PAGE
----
What it must have felt like to be Michelangelo.
In this remarkable inquiry into artistic creation, historian, painter, and sculptor Pascuzzi offers two books in one: an illustrated history about how Michelangelo the man became “Il Divino” and an analysis of how a dedicated graduate art history student who had been fascinated with Michelangelo since he was a child “learned to make works of art like him as if he were my master.” Pascuzzi gave himself a daunting task: make copies of all of Michelangelo’s 135 surviving drawings. Unlike finished works, he writes, “drawings offer a much more intimate view of an artist.” Inspired by Irving Stone’s The Agony and the Ecstasy, he then studied Cennini’s 14th-century art treatise, The Craftsman’s Handbook, and the less-esteemed but useful The Art Forger’s Handbook. Pascuzzi traveled to museums in the United States and Europe to copy them from the originals or exact photographic facsimiles using the “same materials, tools, and techniques as apprentices used in Michelangelo’s day.” Stepping back in time, Pascuzzi copied a drawing of animals Michelangelo completed as a 13-year-old apprentice in Ghirlandaio’s prestigious Florence workshop. With Michelangelo’s studies as his model book, “I let my eye and hand be guided by the master.” Copying drawings Michelangelo made for his David sculpture, he noticed they “reflect a new level of pen-and-ink technique.” Next up was a massive fresco, Michelangelo’s first, for the Battle of Cascina. There was evidence of a “new fluidity in Michelangelo’s drawing style,” and Pascuzzi had a “myth-busting idea,” that Michelangelo had himself copied from Leonardo da Vinci’s drawings. The author’s apprenticeship concludes with the drawings for the Sistine Chapel, a “true indication of his artistic maturity.”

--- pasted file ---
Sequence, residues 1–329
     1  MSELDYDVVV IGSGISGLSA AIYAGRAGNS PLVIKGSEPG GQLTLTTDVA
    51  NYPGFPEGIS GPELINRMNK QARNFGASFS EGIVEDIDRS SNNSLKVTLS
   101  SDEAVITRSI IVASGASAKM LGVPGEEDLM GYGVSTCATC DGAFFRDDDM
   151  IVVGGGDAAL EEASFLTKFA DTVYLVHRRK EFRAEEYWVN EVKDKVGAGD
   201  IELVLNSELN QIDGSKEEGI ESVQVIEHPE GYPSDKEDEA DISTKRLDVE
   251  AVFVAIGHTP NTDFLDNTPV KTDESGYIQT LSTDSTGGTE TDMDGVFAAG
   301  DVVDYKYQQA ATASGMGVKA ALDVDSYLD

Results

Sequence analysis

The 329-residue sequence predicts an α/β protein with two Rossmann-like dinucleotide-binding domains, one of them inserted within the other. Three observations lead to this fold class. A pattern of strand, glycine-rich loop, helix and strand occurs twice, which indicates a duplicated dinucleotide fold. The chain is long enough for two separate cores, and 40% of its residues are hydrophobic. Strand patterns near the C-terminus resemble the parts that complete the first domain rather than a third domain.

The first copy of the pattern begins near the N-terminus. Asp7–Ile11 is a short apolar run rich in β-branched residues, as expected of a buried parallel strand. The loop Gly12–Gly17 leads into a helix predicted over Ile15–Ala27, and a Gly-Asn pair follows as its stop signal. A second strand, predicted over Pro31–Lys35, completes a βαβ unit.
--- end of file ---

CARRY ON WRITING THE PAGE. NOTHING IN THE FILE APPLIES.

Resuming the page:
Whether or not this is a “new, revolutionary way of looking at [Michelangelo],” this revelatory book is a must for art students and those seeking new insights into his art.